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The Mysterious Origins Of America’s Favorite Cocktail, The Margarita


For decades, spirits historians have debated dozens of different stories detailing the origin of the margarita. But one story might trump them all. (Photo: Pexels/Los Muertos Crew)

Who doesn’t love a good margarita?

The margarita has long reigned as the most popular cocktail in the United States; a whopping 56% of bar-goers say it’s their go-to drink of choice.

Though it’s easy to imagine that the iconic three-part mix of tequila, orange liqueur and lime juice has simply existed since the dawn of time, the margarita has a surprisingly contentious origin story, one that varies wildly depending on who you ask.

Same Story, New Tricks

Interestingly, most variations of the margarita origin revolve around a similar set-up: a renowned bartender in the 1940s created the cocktail for a famous guest who fell in love with it at first sight.

The exact identity of the bartender and the celebrity guest is where things get murky.

In a popular telling, Hollywood socialite Margaret “Margarita” Sames served the drink at one of her famous Christmas parties in 1948. In attendance to behold the revolutionary cocktail was Hilton Hotel founder Nick Hilton, Hotel Bel-Air owner Joseph Drown, and actors John Wayne and Lana Turner.

Another rendition alleges that Santo Cruz, head bartender at the Balinese Room in Galveston, Texas, created the cocktail for singer Peggy Lee in the same year.

Yet another telling would have you believe that Carlos Herrera, bartender at the Rancho La Gloria bar in Tijuana, created the margarita for actress and showgirl Marjorie King. As the story would have it, King was allergic to all hard liquor except tequila and hated drinking it straight. Once again, this story is dated 1948.

Another common variation of the folklore revolves around a woman named “Margarita” after whom the drink was named.

Bartender Enrique Bastate Gutierrez was said to have invented the cocktail in the early 1940s in honor of actress Rita Hayworth, whose birthname was Margarita Carmen Dolores Cansino.

Similarly, Danny Negrete is said to have invented the cocktail as a wedding present for his future sister-in-law, Margarita, at a hotel in Puebla, Mexico.

The Rise of Panchos

One version of the story that has gained traction in recent years conforms to neither of these tropes.

In fact, this story contends that the usual hodge-podge of origin details was invented as a convenient myth by advertising executives.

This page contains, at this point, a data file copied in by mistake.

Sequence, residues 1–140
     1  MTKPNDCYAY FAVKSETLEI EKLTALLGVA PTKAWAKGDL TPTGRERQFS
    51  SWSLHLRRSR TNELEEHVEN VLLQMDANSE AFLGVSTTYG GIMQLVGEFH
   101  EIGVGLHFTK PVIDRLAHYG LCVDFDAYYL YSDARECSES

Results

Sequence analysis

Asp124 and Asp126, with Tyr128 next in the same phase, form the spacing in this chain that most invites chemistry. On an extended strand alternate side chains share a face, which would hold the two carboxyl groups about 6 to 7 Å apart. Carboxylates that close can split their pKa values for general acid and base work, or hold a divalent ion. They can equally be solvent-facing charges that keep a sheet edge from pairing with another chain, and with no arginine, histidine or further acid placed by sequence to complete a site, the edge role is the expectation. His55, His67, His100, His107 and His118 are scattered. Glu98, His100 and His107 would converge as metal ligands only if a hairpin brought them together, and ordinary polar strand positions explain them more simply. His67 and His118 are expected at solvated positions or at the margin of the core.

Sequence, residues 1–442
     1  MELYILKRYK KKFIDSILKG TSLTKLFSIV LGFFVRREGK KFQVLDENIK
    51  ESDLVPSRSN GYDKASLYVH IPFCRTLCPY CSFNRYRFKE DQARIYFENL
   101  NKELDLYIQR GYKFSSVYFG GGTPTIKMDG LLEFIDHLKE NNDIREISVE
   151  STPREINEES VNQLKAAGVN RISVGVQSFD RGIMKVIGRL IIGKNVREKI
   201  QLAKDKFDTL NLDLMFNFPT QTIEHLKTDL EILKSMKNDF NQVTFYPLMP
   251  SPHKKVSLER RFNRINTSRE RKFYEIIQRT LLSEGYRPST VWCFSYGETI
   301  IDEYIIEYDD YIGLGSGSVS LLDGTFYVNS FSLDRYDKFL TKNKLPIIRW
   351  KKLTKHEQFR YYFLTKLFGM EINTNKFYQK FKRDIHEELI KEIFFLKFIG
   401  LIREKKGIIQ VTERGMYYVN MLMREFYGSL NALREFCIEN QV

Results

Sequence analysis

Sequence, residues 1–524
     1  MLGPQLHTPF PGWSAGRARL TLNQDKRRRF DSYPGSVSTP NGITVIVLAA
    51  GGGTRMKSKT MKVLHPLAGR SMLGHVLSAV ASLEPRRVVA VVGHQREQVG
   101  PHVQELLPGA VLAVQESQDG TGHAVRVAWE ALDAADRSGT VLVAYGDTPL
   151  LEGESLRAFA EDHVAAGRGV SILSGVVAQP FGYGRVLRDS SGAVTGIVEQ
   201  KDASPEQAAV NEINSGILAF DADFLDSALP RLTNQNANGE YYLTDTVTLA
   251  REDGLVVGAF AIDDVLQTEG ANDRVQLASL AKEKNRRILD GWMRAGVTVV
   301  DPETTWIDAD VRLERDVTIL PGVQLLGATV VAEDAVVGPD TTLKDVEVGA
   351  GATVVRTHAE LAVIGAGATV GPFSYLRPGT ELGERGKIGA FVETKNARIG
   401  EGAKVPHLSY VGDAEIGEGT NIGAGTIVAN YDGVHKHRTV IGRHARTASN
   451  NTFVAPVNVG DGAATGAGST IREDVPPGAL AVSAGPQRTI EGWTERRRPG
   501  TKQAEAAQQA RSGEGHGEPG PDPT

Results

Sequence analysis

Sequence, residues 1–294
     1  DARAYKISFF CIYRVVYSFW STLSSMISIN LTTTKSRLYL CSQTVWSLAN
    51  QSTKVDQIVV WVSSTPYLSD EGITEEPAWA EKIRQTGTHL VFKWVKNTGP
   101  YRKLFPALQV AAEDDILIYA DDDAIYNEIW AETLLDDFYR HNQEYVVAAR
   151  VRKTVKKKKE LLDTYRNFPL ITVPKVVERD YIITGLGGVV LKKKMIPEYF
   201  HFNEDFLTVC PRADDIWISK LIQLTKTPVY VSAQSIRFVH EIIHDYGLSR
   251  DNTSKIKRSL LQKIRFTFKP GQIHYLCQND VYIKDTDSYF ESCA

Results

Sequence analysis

In 1942, Francisco “Panchos” Morales was working as a bartender at Tommy’s Bar in Juarez, Mexico. A patron asked him for a Magnolia; a drink containing brandy, Cointreau and an egg yolk topped with Champagne.

Panchos only knew vaguely of the recipe, so he flubbed a version made with Cointreau and tequila instead. When she was served the drink, the patron immediately noticed that it wasn’t a Magnolia, to which Panchos replied, “Oh, oh, I thought you said Margarita.”

Texas Monthly did a deep-dive into this story back in 1974, one which included an interview with Francisco “Panchos” Morales himself.

In their article, Texas Monthly claims that tequila distributor Vern Underwood was having a difficult time pushing its exclusive distribution rights to Jose Cuervo in the United States. In the 1940s, tequila was said to have a kind of macho-man persona unpalatable to the average consumer.

One of the bars that Vern Underwood distributed to, The Tail O’ The Cock, suddenly had a new invention. Bartender Johnny Durlesser had been asked by a patron named Margaret “to duplicate a drink [she] had once tasted in Mexi­co.”

Supposedly, Cuervo marketing executives caught wind and started pushing the margarita as an opportunity to court new consumers, crediting Durlesser as its inventor.

Down the Rabbit Hole

Panchos’ rendition doesn’t account for the popularity of celebrity-centric origin stories, but it does refute the idea that the margarita was named after a woman.

But even that might be a misnomer. In perhaps the most confusing twist of all, Panchos actually married a woman named Margarita in 1956 — 14 years after he said he first invented and named the cocktail.

It’s difficult to tell what to make of this detail.

More likely than not, the decades-old margarita mystery will never be truly solved.

Until we get some riveting new detail or unearthed archeological find, we’ll just have to make do with the cocktail we know and love today.

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Pedro Wolfe is the managing editor of Tequila Raiders. With several years of experience writing for the New York Daily News and the Foothills Business Daily under his belt, Pedro aims to combine quality reviews and recipes with incisive articles on the cutting edge of the tequila world. Pedro has traveled to the heartland of the spirits industry in Tequila, Mexico, and has conducted interviews with agave spirits veterans throughout Mexico, South Africa and California. Through this diverse approach, Tequila Raiders aims to celebrate not only tequila but the rich tapestry of agave spirits that spans mezcal, raicilla, bacanora, pulque and so much more.